As the 2012 FINA World Cup Series rolls into the third-and-final tour, a trio of meets in Asia, the action kicked off in Beijing’s famed water cube (now a combined swimming center and public water park).
Hungary’s Katinka Hosszu took the two weeks off to refresh and perhaps do some training, and looked sharp again on Friday. Not every swim was a best time, but she certainly looked like she was re-energized.
Some new faces (for the series at least) popped up for the home-country, including Olympic lightning-rod Shiwen Ye, who posted one of the all-time great 200 IM’s on day 1.
Women’s 800 Free
Look out, Katinka Hosszu is back to her old self. After not finishing the European tour on the highest of notes, the Hungarian series-leader came out on fire in Beijing with an 8:21.49 in the women’s 800 free that is her best by three seconds. Though she didn’t swim a whole lot of 800’s in short course coming into this season, she’s now dropped her personal best by 17 seconds in the last 6 weeks.
Whereas in Moscow, a perhaps-fatigued Hosszu succumbed to the pressure by the young Americans Becca Mann and Leah Smith, in Beijing she stood tall to a challenge. China’s Siyu Yan pulled even with Hosszu with about 200 meters to go, and the two battled the whole way home. Eventually, Hosszu would hold her off by a tiny .09 seconds – Yan finished 2nd in 8:21.58. That left Laura Crockart, an Australian in her series debut, in 3rd with an 8:23.83.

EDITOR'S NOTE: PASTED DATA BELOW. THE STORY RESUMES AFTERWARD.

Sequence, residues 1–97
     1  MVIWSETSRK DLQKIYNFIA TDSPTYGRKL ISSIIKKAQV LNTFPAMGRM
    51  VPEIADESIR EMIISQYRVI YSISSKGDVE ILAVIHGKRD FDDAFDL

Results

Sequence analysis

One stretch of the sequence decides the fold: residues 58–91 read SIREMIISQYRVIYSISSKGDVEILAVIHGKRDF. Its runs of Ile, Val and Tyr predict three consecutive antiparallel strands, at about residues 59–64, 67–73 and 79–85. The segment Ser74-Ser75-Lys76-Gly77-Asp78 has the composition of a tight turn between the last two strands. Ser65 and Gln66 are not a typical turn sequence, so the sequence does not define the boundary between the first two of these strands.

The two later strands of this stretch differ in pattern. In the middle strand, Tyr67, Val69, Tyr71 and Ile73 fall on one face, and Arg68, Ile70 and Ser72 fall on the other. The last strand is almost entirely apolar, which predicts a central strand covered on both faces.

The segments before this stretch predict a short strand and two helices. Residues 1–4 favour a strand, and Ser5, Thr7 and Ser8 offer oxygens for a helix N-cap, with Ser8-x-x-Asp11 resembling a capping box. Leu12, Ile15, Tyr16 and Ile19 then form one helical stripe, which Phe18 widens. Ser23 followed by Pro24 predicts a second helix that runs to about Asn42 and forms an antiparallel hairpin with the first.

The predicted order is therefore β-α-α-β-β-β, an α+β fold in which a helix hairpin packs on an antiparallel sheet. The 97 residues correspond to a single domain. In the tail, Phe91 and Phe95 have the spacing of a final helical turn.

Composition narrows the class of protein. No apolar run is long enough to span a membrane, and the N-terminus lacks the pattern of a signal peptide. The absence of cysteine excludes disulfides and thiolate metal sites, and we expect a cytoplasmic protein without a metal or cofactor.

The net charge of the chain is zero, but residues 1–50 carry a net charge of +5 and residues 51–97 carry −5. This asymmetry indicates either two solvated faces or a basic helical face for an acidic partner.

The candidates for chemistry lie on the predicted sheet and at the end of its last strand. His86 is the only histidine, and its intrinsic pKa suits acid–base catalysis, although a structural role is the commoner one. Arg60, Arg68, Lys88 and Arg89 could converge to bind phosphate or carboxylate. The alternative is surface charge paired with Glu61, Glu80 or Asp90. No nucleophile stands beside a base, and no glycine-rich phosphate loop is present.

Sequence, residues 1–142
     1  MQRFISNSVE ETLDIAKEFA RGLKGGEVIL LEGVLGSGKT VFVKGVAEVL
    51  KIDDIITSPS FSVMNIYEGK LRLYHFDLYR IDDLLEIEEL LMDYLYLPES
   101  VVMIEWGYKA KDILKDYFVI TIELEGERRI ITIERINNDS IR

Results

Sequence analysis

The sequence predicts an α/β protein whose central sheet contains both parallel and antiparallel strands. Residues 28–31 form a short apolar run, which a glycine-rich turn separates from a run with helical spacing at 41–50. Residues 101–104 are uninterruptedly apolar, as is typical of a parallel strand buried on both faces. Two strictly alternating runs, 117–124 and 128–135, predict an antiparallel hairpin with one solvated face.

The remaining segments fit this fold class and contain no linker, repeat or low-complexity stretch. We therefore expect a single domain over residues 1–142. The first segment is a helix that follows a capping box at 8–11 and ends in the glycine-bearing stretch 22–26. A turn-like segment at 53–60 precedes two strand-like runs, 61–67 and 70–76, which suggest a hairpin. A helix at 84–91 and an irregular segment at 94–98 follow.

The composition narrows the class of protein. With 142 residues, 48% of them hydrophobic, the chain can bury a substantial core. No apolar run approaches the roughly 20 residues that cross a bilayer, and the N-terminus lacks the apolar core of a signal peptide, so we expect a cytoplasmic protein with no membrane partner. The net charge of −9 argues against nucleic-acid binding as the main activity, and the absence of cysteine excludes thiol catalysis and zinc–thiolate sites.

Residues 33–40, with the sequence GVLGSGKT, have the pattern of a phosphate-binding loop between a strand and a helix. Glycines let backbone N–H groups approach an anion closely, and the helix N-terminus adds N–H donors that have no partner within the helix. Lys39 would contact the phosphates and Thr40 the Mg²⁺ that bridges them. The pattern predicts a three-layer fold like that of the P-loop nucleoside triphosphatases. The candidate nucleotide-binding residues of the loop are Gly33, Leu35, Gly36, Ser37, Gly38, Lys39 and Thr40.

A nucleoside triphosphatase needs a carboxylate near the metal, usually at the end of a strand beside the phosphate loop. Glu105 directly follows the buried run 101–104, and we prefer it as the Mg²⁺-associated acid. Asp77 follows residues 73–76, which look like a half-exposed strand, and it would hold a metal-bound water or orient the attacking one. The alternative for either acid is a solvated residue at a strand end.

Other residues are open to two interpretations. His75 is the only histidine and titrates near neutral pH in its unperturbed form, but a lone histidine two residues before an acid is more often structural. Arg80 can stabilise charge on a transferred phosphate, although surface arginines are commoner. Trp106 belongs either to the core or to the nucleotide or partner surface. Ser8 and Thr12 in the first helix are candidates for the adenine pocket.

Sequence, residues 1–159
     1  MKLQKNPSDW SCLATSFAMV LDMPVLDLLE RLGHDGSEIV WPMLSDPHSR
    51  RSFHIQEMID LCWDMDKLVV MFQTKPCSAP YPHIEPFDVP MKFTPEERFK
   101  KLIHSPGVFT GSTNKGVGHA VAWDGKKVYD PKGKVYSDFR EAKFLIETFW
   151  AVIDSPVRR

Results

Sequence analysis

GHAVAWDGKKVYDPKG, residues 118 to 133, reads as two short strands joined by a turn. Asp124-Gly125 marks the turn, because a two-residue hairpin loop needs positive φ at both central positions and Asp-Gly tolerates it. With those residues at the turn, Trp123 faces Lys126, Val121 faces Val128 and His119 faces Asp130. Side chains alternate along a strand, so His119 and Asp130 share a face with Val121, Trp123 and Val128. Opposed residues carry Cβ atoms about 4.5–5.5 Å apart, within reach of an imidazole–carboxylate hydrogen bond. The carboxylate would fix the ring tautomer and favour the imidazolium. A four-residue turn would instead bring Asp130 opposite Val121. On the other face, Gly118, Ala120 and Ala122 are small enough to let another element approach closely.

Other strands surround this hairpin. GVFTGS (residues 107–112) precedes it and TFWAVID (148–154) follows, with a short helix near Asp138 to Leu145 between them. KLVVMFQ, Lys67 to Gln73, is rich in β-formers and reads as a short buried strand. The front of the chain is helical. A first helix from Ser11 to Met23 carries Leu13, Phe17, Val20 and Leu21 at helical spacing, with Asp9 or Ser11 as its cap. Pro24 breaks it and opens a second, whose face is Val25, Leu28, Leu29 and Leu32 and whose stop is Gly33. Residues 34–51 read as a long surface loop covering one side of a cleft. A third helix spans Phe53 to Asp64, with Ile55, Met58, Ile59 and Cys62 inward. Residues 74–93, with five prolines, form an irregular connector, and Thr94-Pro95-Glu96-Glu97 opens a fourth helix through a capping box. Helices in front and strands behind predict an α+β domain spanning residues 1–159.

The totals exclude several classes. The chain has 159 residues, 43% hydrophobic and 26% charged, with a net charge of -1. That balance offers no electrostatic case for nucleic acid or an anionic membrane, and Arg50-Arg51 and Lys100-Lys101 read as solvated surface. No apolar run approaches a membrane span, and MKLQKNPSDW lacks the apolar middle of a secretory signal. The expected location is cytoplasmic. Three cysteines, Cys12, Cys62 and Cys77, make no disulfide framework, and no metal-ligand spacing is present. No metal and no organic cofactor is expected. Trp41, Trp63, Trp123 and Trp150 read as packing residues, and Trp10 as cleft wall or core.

Men’s 100 Free
Though Anthony Ervin won the last stop of Europe in this race, the Australians have really dominated the 100 free so far on the circuit. That looks like it will only continue over the next week, as Cameron McEvoy has joined the Australian squad for Asia. He served as a small challenge (the best challenge) for Tommasso D’Orsogna in this race, but ultimately Tommy held the lead wire-to-wire and took a relatively easy win in 47.06. That makes for his 4th win, finishing right within the same consistent tenth-of-a-second range that he’s been at almost every tour stop so far.